Economic Mobility Pathways Pilot expands, paving the way for skilled refugees to find employment and settle in Canada - New Canadian Media
Abdullah Aljalout and his family. The Economic Mobility Pathways Pilot (EMPP) aims to provide skilled refugees like Aljalout with a pathway to employment and a brighter future in Canada.
Abdullah Aljalout and his family. The Economic Mobility Pathways Pilot (EMPP) aims to provide skilled refugees like Aljalout with a pathway to employment and a brighter future in Canada. Photo submitted.

Economic Mobility Pathways Pilot expands, paving the way for skilled refugees to find employment and settle in Canada

New phase of Economic Mobility Pathways initiative aims to settle up to 2,000 skilled refugees.

Abdullah Aljalout, displaced from his home when war broke out in Syria, spent 10 years working as a maintenance engineer in a factory in Lebanon before finding a path that would change his — and his family’s — future.

Through Talent Beyond Boundaries (TBB), a global non-profit agency that has partnered with the Government of Canada to implement the Economic Mobility Pathways Pilot (EMPP), Aljalout landed a position with a company in Shelburne, Ontario in 2019. In 2022, after COVID restrictions were lifted, he and his wife and their three young children resettled in Dufferin County, about 100 km north west of Toronto.

“My wife discovered Talent Beyond Boundaries through social media and I signed up for them,” said Aljalout, who holds a degree in electrical engineering. TBB responded and offered him a job in Shelburne as a maintenance technician at a bottled water production plant. 

“My job here is according to my experience,” he said. “My team’s responsibility is to keep the production line working and (to make) fixes if any breakdowns happen.” 

Aljalout applied to come to Canada as an economic immigrant with permanent resident status through the  Ontario Immigrant Nominee Program. 

With the number of displaced people surpassing 100 million and insufficient resettlement spaces worldwide,  Canada is expanding its non-traditional resettlement program for skilled refugees and other displaced people, the Economic Mobility Pathways Pilot (EMPP), to fill in-demand jobs in Canada

The new pathway was announced on March 27 by Sean Fraser, Minister of Immigration, Refugees and Citizenship (IRCC), and will open this summer. It will complement the existing EMPP pathways, in an effort to settle up to 2,000 skilled refugees and their families in Canada in the years to come. 


IRCC partnered with TBB, which works to match skilled refugees with employers in Canada. TBB has joined with national refugee-led organizations Jumpstart Refugee Talent, TalentLift Canada and other EMPP-implementing partners to expedite the settlement process for newcomers. In most cases, it enables immigrants to move to Canada within six months and promptly start working.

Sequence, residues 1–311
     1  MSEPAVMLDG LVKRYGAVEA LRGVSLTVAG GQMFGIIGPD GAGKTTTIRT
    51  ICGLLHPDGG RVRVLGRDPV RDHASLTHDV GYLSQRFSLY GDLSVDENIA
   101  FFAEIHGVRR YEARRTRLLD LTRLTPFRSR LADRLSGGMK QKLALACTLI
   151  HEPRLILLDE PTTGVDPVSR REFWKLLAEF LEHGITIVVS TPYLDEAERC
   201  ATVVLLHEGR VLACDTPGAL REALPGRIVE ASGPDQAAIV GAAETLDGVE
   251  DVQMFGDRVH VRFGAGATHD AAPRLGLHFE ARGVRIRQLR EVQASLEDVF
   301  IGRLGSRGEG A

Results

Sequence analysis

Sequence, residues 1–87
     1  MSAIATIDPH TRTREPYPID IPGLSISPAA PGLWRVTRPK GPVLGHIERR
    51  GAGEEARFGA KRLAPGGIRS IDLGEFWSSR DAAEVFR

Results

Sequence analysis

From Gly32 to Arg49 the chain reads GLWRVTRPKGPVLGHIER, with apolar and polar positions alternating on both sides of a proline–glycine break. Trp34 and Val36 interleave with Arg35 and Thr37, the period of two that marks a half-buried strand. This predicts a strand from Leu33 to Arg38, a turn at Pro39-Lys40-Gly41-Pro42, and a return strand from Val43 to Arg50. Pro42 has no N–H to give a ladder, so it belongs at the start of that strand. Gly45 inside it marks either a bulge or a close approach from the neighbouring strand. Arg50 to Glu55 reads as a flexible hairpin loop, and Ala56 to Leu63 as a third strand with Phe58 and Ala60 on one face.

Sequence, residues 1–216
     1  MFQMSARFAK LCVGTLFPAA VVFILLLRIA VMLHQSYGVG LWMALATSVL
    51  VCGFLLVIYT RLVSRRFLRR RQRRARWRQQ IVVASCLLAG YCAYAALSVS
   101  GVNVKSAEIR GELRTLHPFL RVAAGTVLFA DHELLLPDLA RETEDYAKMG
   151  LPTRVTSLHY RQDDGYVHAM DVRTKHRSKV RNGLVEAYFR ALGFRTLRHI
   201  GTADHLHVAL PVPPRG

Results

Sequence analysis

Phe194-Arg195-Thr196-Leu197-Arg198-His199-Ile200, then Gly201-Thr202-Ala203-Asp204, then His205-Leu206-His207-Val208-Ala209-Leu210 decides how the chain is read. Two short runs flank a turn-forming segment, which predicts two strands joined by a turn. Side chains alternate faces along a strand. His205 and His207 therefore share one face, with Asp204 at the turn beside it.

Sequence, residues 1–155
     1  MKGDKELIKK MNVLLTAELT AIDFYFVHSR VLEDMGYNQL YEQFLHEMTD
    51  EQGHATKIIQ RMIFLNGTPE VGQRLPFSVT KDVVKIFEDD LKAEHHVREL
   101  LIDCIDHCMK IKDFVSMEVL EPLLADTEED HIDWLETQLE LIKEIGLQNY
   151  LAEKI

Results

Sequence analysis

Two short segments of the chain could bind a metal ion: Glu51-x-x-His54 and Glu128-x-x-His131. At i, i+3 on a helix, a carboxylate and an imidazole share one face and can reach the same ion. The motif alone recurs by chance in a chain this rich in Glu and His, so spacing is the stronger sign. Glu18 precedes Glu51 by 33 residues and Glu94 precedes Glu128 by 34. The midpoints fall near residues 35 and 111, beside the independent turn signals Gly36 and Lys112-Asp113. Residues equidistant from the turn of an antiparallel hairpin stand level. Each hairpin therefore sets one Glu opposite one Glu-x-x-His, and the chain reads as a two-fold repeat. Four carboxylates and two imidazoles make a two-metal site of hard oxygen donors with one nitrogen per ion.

TBB works with employers who have job vacancies at every skill level, from entry level positions such as hotel cleaners to specialized roles in 

a variety of industries, including construction, healthcare, hospitality, and information technology. 

TBB Canada also works in partnership with Fragomen Canada, which specializes in immigration law and consulting, to facilitate the settlement process.

Lara Dyer, Canada Director of TBB, says there are about one million jobs that are vacant in Canada at any given time, making the expansion of the EMPP “a good opportunity to put those two needs together. ” 

TBB is working on a list of potential candidates who meet the EMPP eligibility requirements, including their occupational code (for immigration purposes) and their availability to work for any employer across Canada.

Rasha Abdulsattar, an immigration consultant at One Milestone to Canada Immigration Services, says the number of displaced persons who have come to Canada under the pathway is much lower than the proposed targets.

She said her clients are mostly from the Middle East, where the political situation is “complicated” and most displaced people are living in precarious situations. 

“They are working overtime with survival jobs and do not meet the eligibility criteria,” she said. 

An example of eligibility criteria being a barrier can potentially be seen with the Atlantic Immigration Program, which requires an applicant to have one year of work experience in a related field sometime within the past three years.

Often even those clients who may have once had highly skilled jobs are now trying to eke out a living any way they can while displaced.

Abdulsattar  hopes the expanded EMPP will address the varied needs of refugees, “so that more skilled refugees take advantage and join the Canadian workforce.”